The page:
Speaking at a high-level UN event yesterday focused on globalizing efforts to combat antisemitism alongside Second Gentleman Douglas Emhoff, American Jewish Committee (AJC) CEO Ted Deutch called on UN leaders to do more to counter antisemitism at the world body.

Deutch recalled that AJC has stood in support of the UN since its founding and will continue to seek multilateral engagement in the fight against antisemitism. He applauded UN senior leaders, including Secretary-General Antonio Guterres, for having been “resolute in speaking out and condemning antisemitism,” and for pushing back against particularly toxic antisemitic narratives such as calls for Israel’s destruction.

He pointed to other important UN efforts to raise the alarm about rising antisemitism, including the 2019 report and 2022 Action Plan to Combat Antisemitism prepared by Dr. Ahmed Shaheed, the former Special Rapporteur on Freedom of Religion, and ongoing work by UNESCO.

Despite taking these steps, Deutch recalled, "it's no secret that certain bodies of the UN focus disproportionately on Israel, notwithstanding the efforts of the United States and so many of you here to change that.” Deutch appealed to UN leaders to do more, and particularly to assist AJC in “breaking through indifference among some diplomats and some UN personnel to what happens here sometimes in these halls.”

Deutch expressed particular alarm about “insinuations that Israel itself, the world's only Jewish state, is a racist endeavor." He pointed to the “shameful” legacy of the UN General Assembly’s 1975 “Zionism is Racism” resolution, which took more than 15 years for the UN to revoke in 1991, following years of advocacy by AJC. He appealed to UN leaders to do more to ensure “that we never, ever see a return to that shameful moment” that took place in 1975.

Deutch said, “we need UN officials to speak out” against narratives suggesting that the establishment of Israel and the nature of Zionism are racist and to acknowledge “that they’re false, that they’re harmful, that they’re dangerous.” He explained that these narratives “are helping to fuel the violence and hatred that endangers Jews around the world.” Deutch affirmed that “promptly condemning antisemitic statements when they are expressed by diplomats at official [UN] meetings or made by personnel or persons associated with the UN is important.”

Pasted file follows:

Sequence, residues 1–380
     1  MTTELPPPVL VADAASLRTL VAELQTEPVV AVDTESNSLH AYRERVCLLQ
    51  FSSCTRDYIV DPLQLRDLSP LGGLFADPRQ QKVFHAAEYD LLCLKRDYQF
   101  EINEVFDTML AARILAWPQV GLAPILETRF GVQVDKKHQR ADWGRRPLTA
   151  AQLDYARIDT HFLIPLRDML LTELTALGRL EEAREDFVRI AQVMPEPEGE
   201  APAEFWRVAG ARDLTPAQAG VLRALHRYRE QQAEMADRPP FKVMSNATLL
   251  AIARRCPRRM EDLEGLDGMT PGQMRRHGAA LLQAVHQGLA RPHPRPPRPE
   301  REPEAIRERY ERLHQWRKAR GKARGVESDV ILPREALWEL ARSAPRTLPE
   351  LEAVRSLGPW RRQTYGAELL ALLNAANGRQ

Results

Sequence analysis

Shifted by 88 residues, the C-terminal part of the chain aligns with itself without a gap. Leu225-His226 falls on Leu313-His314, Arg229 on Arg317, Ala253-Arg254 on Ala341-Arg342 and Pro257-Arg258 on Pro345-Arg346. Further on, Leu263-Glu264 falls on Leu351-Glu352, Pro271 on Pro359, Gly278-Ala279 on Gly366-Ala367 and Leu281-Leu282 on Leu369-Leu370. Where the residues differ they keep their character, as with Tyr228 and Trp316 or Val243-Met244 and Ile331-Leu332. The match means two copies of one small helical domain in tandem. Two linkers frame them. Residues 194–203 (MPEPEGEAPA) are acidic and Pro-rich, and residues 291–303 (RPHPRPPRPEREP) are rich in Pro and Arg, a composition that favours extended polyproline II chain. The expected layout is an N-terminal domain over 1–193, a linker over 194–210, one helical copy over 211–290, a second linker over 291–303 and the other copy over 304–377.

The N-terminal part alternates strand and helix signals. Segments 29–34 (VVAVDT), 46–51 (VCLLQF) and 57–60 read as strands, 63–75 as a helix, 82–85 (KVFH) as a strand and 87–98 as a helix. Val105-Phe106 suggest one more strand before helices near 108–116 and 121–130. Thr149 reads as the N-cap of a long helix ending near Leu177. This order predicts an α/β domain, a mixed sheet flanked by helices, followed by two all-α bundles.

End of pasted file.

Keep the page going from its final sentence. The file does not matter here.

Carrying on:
The event, held in the UN’s Economic and Social Council chamber, was convened to discuss solutions to address the various manifestations of contemporary antisemitism, at a time when it has risen to alarming levels around the world and precedes the release of AJC’s next State of Antisemitism in America report.

“The horrible truth is that all around the world, antisemitism is pervasive and growing,” said Linda Thomas-Greenfield, U.S. Ambassador to the UN. “We need to stand up to this threat and stand up for Jewish people everywhere.”

The event highlighted the need for countries, even those without Jewish communities, to confront antisemitism. It was co-hosted by the U.S. Mission to the United Nations and the missions of Argentina, Canada, Israel, Mexico, Morocco, and the United Kingdom.

In his keynote address, Second Gentleman Douglas Emhoff said society must “call out” those who do not speak against antisemitism. “Silence is not an option,” he added.

Emhoff, the first Jewish spouse of an American president or vice president, said it was vitally important to "push back" on Holocaust denial, distortion, and disinformation, which is also spreading online. He recently led a U.S. delegation to Europe and visited the Auschwitz-Birkenau death camp in observance of International Holocaust Remembrance Day.

In December, Emhoff convened a White House roundtable, attended by Deutch, to discuss antisemitism in the U.S. It was followed several days later by an announcement that the Biden administration would create an interagency task force to combat antisemitism, Islamophobia, and other forms of discrimination. Its first order of business will be to create a national strategy to fight antisemitism.

Joining Deutch in a panel discussion at yesterday's UN event was Deborah Lipstadt, U.S. Special Envoy for Monitoring and Combating Antisemitism, and Melissa Fleming, UN Undersecretary General for Global Communications.

Lipstadt said to the extent that social media companies, even unwittingly, serve as forums for antisemites, they can also be part of a solution.

“It is time for people to speak up,” Lipstadt said. “What we need on social media is for influencers to say this is not acceptable.” She reported that in a meeting with UN Secretary-General Antonion Guterres and High Representative Miguel Moratinos, the US diplomats urged the UN to implement Dr. Shaheed’s Action Plan.

Fleming noted that while hate is “circulating far and wide,” teaching children how to navigate the internet and distinguish fact from fiction can go a long way.

AJC is the global advocacy organization for the Jewish people. AJC drives change through an unparalleled global network that spans six continents and includes 25 U.S. regional offices, 14 overseas posts, and 38 international partnerships.

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